The Hot Zone by Richard Preston
My rating: 4 of 5 stars
I read this book because I will be teaching it this fall as the new non-fiction text in the English 9 curriculum, and since I'm such a good teacher, I better know what it was about. For this review, I will be analyzing "The Hot Zone" for its educational merits.
Preston investigates an outbreak of a dangerous viral strain- Ebola (Marburg, Ebola Zaire, Ebola Mayinga and Ebola Reston are all varieties that pose threats in this book), and its devastating effects on the human population from Kitum Cave in the heart of the African continent to a laboratory right outside Washington D.C and involves everyone from the amateur researchers to U.S. Army personnel who think they are familiar with disease....until this epidemic.
I specifically liked the narration of the text and how it is presented in smaller chapters that host individual stories that will eventually come together. We start the book off with Charles Monet who explores Kitum Cave, and Preston immediately twists the story and shows us how Monet is infected with a mysterious disease and dies in a short turn around rate. Preston also shows us the stories of doctors, nurses and other patients who interact with infected people and makes sure the reader understands the fear that comes with this unknown viral threat.
Folks- watch out for the vivid imagery! My male teenage students will love when Preston describes "organs turning into mush" and "blood dripping from every orifice", but if you're queasy, you may want to avoid it. I personally enjoyed the detail, but I also had to stop frequently and go wash my hands because I felt metaphorically contaminated.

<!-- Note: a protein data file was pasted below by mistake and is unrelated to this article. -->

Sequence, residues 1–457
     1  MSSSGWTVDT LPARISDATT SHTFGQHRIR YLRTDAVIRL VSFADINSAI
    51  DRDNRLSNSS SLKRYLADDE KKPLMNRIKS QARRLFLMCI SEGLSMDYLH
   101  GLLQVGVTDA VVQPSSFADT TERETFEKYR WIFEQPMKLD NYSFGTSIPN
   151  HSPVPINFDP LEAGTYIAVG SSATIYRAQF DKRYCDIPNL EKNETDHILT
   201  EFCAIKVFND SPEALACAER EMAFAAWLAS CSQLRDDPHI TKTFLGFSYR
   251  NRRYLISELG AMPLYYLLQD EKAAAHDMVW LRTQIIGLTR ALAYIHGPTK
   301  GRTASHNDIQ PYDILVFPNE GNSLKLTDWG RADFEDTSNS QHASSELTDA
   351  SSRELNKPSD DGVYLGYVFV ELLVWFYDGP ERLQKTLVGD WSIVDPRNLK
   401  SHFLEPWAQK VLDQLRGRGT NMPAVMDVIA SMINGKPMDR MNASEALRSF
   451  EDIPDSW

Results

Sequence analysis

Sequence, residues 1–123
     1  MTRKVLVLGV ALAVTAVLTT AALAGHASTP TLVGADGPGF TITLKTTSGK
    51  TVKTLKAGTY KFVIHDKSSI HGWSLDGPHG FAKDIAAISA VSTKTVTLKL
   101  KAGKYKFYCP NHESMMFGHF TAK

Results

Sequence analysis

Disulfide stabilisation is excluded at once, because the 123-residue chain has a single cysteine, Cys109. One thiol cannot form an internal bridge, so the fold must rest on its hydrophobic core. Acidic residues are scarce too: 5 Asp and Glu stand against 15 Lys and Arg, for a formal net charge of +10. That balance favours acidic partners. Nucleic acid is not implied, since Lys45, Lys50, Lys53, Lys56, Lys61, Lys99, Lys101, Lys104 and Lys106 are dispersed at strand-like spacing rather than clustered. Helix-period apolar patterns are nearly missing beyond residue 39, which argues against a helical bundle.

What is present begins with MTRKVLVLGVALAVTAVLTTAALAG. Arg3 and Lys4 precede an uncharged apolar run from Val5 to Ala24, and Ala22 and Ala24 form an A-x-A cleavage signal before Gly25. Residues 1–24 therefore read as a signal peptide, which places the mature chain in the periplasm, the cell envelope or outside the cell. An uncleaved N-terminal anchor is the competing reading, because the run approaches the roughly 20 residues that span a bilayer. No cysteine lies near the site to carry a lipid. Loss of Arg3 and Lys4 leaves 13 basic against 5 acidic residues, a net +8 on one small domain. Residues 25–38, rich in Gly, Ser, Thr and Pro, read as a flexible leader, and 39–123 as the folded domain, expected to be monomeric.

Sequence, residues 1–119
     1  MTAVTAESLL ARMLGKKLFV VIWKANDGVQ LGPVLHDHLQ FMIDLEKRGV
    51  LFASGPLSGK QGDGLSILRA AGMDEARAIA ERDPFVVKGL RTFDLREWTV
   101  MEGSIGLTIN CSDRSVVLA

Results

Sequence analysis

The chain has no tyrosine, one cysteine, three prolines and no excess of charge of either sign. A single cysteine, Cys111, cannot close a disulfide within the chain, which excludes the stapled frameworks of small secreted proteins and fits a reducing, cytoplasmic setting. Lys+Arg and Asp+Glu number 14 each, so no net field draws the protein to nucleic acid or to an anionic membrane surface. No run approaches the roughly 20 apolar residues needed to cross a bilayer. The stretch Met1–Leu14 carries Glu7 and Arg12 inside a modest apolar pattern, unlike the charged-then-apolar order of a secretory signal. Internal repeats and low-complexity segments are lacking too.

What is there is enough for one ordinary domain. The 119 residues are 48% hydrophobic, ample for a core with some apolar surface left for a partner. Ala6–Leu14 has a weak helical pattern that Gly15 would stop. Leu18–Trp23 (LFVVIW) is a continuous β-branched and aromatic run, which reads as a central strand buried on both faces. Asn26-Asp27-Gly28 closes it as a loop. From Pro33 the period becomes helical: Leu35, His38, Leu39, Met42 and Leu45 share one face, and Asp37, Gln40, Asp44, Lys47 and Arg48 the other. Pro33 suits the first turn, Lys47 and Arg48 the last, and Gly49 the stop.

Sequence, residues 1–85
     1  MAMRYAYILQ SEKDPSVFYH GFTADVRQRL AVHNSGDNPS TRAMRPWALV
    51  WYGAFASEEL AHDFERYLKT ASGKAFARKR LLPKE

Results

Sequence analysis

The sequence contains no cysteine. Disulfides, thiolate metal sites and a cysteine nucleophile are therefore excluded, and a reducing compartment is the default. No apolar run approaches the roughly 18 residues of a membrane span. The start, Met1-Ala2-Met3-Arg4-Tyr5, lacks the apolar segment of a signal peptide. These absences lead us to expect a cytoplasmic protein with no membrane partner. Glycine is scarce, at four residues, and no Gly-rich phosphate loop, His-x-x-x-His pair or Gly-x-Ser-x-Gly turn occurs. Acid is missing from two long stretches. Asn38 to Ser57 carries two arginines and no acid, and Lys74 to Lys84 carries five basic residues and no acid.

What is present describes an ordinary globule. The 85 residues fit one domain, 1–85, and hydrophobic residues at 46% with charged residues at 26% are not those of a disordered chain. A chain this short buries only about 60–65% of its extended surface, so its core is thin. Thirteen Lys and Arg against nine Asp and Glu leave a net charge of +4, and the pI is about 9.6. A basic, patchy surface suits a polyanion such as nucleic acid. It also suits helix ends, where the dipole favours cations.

NOTE- PETA representatives may object to this book as well, because the main reason the virus spreads is through human-primate interaction.... So how do you think the Army removes a threat of lethal virus when it's found in a laboratory of research monkeys? If you're clueless, whelp, read the book to find out.
I think that this will be a beneficial text to use in a classroom, especially in conjunction with science classes covering viruses and primates. I plan on having students investigating different diseases, writing persuasive essays about disease prevention and animal rights, as well as even doing a quarantine demonstration where the kids can do anything by sit in a chair for a certain amount of time....OH WAIT-they already do that! :)
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